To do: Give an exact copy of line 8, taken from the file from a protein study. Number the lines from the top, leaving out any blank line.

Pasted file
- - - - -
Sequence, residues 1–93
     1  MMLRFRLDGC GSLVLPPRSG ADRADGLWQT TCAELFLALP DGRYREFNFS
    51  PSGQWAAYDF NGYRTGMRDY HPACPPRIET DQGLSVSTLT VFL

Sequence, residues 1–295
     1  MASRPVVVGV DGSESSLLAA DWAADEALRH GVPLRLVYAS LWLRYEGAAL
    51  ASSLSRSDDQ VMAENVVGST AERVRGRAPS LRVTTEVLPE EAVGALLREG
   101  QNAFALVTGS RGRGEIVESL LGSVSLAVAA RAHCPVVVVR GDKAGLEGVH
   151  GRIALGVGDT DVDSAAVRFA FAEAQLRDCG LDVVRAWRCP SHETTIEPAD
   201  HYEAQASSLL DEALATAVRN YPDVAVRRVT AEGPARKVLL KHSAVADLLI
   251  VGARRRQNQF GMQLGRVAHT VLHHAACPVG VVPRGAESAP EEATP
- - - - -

   151  GRIALGVGDT DVDSAAVRFA FAEAQLRDCG LDVVRAWRCP SHETTIEPAD